New York Gallerists Watch in Fear as Hurricane Joaquin Gathers Strength

The philosophy, according to one dealer, is "better safe than Sandy."

Hurricane Joaquin.Photo National Hurricane Center, National Weather Service.
Hurricane Joaquin.
Photo National Hurricane Center, National Weather Service.

With memories of Superstorm Sandy’s destruction still fresh in their minds, Chelsea gallery owners are casting a watchful eye toward Hurricane Joaquin.

Flood advisories and warnings are in place along much of the East Coast, from Florida to Connecticut, according to CNN as of Friday afternoon, when the storm remained over the Bahamas. Some Chelsea galleries are sending art to higher ground, said one dealer speaking anonymously, on the “better safe than Sandy” philosophy.

Though Joaquin is expected to remain offshore if and when it moves north, billions of dollars of art are at stake if it comes ashore.

Joaquin could prove the first major test to the flood defenses of the Whitney Museum of American Art’s new home, which is just across the West Side Highway from the Hudson River. The building is designed to be water-tight even against a flood rising 16½ feet—seven feet higher than Sandy, a press rep pointed out. A mobile aluminum wall nearly the length of two football fields can be put in place in less than seven hours.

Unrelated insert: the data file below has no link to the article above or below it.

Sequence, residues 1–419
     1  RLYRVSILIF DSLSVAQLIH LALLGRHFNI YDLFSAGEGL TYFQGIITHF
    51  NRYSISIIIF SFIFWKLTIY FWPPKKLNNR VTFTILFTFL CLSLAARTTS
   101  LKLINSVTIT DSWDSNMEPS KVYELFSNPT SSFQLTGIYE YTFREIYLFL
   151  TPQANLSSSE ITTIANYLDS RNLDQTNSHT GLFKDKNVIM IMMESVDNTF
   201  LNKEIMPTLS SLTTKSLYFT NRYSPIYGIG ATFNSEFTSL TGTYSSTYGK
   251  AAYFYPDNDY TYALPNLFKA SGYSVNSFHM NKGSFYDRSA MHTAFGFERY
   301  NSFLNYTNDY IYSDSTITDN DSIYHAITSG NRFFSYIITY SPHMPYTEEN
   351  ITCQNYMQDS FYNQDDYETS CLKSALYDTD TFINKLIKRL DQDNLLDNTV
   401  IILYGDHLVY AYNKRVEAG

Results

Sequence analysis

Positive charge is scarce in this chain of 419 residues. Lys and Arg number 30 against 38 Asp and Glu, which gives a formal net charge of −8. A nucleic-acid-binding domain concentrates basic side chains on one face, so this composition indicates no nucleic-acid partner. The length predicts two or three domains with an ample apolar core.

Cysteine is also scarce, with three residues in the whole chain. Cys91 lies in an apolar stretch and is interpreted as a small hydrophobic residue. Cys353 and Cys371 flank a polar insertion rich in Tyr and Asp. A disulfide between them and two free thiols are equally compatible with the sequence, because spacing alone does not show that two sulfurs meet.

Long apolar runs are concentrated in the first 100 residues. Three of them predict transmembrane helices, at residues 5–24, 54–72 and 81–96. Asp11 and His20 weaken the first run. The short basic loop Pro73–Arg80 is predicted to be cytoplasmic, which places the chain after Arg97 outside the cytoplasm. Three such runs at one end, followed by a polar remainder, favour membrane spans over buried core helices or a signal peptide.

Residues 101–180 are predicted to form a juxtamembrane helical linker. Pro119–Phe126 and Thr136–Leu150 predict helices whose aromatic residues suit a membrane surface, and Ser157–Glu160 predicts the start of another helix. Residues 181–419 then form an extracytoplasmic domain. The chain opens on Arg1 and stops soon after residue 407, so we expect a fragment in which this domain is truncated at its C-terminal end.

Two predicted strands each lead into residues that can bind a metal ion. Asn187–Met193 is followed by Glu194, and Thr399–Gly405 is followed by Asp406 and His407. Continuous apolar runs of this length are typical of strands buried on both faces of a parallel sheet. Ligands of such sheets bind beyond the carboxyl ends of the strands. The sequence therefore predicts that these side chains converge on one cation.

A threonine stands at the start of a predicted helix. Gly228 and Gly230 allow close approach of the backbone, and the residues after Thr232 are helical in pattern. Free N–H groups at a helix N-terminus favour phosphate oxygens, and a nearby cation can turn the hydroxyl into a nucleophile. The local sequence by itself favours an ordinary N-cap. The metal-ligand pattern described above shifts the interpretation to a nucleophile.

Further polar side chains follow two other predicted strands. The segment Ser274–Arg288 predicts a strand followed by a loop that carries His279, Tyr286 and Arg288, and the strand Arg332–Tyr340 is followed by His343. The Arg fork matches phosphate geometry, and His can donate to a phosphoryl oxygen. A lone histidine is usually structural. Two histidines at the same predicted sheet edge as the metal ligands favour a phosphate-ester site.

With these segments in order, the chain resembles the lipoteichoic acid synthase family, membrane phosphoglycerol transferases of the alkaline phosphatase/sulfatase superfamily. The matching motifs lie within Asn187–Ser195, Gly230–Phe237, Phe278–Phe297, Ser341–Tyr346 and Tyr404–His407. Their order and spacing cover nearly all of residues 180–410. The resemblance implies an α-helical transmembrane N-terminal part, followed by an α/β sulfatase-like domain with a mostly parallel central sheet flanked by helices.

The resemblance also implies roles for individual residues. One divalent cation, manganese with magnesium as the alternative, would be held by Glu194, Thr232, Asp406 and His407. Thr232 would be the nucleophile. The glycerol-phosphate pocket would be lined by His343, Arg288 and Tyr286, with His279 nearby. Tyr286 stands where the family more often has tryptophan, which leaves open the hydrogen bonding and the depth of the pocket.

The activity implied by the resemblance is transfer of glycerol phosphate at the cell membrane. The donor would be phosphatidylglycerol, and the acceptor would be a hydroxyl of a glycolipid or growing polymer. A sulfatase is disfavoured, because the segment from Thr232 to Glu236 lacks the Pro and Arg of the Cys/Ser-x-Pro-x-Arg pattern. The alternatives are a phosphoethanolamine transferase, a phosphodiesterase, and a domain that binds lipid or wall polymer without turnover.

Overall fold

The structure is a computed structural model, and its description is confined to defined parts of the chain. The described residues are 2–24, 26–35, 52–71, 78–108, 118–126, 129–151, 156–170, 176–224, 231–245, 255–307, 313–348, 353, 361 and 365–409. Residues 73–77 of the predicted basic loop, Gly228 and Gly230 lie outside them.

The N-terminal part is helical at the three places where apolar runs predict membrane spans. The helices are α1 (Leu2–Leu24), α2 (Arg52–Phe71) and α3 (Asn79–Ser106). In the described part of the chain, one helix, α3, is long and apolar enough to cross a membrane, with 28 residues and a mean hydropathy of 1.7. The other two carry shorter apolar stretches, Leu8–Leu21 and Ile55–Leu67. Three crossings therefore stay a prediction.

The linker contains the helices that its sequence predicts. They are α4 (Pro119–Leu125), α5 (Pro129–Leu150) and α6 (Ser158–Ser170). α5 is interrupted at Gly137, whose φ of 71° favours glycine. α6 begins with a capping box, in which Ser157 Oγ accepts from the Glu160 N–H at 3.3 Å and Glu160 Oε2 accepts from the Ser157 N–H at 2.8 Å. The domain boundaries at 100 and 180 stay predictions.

About 30 staffers from New York art storage firm Uovo were on the ground in Chelsea on Friday, moving art or advising dealers who are among the company’s 100 or so clients in the neighborhood, said founder Steve Guttmann in a telephone interview. (Uovo has facilities in Long Island City and in Rockland County.)

“Ours the first new post-Sandy art storage facility in the US,” Guttmann boasted. “Our site is 16½ feet above 100-year flood levels. We planned our property with the experience of Sandy behind us.”

Chelsea dealers are even talking about joining the flow of galleries out of the neighborhood, which has been driven by rising rents.

“We’re planning to move some things to our upstairs storage, just to be safe,” says Chelsea dealer Derek Eller, adding that he no longer stores artwork in his basement, which was flooded in 2012. “Let’s hope it’s not another Sandy situation, and if it is, we will definitely have to relocate to the Lower East Side,” he said. (His lease ends in December; his neighbor Wallspace recently closed, and former neighbor Ed Winkleman is moving.)

“Our goal is to sell out and ship our current show, of Teppei Kaneuji, before the storm hits,” said Lisa Carlson, of Jane Lombard Gallery. “If that doesn’t work out, we will move all work in the racks to off site storage and elevate the show.”

However, not everyone is so concerned. Internet jokesters have called in Joaquin Phoenix’s help in a graphic that charts the growing hurricane in parallel with the actor’s changing hairstyles.

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